back to article O2 pulls plug on OAP-monitoring service

O2 has shut down its foray into health monitoring, quietly dropping Help at Hand and Health at Home and offering refunds to the few who had signed up to the services. Health at Home was only launched a few months ago, in March. It was supposed to be a direct-to-consumer counterpart to Help at Hand, the professional service which …

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Devil

They were never going to turn a handsome profit on this venture - they surely would have thought that in their project planning. Yet, instead of providing a altruistic community service the bean counters deem it unprofitable and can it. Nice.

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Apart from poor publicity, it was also extremely expensive. (£20+/month plus calls)

Now, it could be argued that price shouldn't be a factor when looking after one's parents, however we've managed for hundreds of centuries* up to now, so the £10 top up once a year on my Mum's PAYG is OK in comparison to £240. Even still, as the article suggested, it sits on the sideboard.

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Mushroom

* hundreds of centuries since I'm fairly sure the universe and man are more than 9,000 years old.

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Nice Idea bad implementation

£20 a month ?

No Advertising

little Idiot buttons, they are old not toddlers.

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Re: Nice Idea bad implementation

Why bother with hardware buttons, when an Android skin could provide the same functions in software.

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Re: Nice Idea bad implementation

Because it would have a battery life of about 45 minutes and crash suddenly when the customer falls over.

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Anonymous Coward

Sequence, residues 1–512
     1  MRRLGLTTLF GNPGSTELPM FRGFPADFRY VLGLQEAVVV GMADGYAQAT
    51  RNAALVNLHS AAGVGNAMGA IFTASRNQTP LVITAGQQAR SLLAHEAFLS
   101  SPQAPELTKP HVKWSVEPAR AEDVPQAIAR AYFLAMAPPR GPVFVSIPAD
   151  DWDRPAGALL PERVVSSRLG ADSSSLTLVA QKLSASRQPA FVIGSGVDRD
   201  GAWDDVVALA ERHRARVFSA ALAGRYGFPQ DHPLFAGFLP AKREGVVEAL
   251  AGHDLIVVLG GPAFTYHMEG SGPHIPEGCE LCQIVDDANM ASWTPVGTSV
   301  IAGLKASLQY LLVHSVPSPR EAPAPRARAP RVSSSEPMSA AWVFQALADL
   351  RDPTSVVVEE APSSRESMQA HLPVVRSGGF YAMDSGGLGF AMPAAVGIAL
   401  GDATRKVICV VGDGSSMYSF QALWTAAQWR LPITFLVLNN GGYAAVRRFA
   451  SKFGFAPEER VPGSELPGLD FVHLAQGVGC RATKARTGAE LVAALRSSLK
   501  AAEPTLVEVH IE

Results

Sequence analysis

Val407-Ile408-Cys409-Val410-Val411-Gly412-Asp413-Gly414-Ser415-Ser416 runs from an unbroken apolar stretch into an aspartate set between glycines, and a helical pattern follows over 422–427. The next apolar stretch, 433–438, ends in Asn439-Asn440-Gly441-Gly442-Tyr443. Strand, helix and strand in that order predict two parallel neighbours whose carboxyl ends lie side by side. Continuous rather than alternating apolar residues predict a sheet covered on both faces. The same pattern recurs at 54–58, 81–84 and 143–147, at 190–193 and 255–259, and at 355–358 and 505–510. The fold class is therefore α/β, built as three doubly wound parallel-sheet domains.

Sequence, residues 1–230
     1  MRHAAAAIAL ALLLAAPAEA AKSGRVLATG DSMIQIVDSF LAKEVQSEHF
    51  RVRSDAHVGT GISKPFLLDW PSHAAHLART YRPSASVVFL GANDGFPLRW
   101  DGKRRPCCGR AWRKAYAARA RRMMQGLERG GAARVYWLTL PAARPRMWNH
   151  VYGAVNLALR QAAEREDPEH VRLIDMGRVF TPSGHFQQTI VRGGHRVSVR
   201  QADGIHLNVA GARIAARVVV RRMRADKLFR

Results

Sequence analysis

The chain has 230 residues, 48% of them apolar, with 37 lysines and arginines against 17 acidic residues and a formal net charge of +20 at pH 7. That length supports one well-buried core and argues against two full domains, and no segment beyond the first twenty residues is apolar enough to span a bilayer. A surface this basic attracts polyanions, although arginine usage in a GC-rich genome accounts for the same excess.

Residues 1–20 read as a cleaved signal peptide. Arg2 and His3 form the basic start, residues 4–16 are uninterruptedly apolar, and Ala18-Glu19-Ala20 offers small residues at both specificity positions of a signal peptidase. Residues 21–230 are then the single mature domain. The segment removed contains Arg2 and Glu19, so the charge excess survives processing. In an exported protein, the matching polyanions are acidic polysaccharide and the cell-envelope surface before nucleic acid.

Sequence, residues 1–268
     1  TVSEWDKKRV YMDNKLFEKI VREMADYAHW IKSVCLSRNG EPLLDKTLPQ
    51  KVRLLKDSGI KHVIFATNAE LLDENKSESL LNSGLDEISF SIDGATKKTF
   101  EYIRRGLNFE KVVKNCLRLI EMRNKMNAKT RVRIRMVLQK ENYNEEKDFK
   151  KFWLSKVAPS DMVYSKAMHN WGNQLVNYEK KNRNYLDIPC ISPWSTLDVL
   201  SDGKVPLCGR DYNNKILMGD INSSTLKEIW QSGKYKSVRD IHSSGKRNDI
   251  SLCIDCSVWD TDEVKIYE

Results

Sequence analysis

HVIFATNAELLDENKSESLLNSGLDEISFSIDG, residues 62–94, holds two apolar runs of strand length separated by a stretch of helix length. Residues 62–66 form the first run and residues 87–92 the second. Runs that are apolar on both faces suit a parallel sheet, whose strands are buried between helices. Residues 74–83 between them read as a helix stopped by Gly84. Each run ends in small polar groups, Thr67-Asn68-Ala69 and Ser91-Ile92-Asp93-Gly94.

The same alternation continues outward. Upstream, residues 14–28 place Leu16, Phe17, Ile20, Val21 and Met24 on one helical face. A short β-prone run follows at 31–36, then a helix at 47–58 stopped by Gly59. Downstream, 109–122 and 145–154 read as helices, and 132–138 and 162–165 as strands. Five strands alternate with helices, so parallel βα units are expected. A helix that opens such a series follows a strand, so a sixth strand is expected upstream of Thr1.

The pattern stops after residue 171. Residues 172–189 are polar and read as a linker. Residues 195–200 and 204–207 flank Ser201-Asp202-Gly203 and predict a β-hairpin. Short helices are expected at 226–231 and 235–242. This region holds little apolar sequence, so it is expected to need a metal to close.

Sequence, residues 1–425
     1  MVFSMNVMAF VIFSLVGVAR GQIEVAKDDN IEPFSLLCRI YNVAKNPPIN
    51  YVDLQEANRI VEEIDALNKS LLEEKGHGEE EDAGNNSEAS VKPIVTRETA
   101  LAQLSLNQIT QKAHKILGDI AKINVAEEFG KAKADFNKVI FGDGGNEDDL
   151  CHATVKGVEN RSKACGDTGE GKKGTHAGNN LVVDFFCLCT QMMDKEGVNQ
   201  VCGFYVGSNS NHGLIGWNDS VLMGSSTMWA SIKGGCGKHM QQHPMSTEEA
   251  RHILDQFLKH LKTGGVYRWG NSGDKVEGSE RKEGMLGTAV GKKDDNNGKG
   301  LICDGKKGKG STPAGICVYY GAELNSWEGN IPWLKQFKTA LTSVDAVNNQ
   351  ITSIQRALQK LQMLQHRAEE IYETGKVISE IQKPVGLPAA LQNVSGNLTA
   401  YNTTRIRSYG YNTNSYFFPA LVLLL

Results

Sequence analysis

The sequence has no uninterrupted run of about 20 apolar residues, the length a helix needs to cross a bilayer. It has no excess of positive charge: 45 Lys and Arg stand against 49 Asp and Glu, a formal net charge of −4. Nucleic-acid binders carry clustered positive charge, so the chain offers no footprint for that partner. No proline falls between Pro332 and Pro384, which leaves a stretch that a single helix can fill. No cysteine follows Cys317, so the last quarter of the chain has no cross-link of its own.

Re: Nice Idea bad implementation

"little Idiot buttons, they are old not toddlers."

"Why bother with hardware buttons, when an Android skin could provide the same functions in software."

1: If your blind/partially sighted or have limited finger dexterity, touchscreens are a right annoyance and hardware buttons are much easier

2: As mentioned, touchscreens eat battery

3: Touchscreens aren't as robust as buttons if it's dropped etc.

4: Simplicity is the key.

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This is a great shame

The failure of O2 will be seen as a reason for other players to not engage in the seniors market. I'd agree with Chris Millington's view on positioning and I'm using Doro phones for my service, however I'd say that there is scope for what O2 was offering it's just that they didn't tell people about it.

Not even their own staff.

Call the standard O2 telesales and they have never heard of it. It's the same story at retail. I mystery shopped a number of O2 stores. Say "what can you recommend for my fail mum" and they wouldn't suggest "help at hand". Ask about it by name and they would say "what's that then", with some prompting and an explanation that it was an O2 emergency button service they would look it up on the Intranet and find that it not only existed, but they had handsets in stock at which point they would disappear into the store room and emerge with one.

I recommended it to a friend I bumped into on the tube this morning - for his son who has a nut allergy - this friend is an industry veteran and very much has his finger on the pulse, and yet he had never heard of it.

While Chris is right that you need to sell something which is desirable rather than sell on fear, you need to actually promote whatever you sell to shift any stock.

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Coat

Re: This is a great shame

"what can you recommend for my fail mum"

That's a harsh description for the woman who brought you into this world! What did the sales monkey suggest? Euthanasia?

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Re: This is a great shame

Sorry, typo. "frail"

Simon

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Joke

"blames the conservative UK market"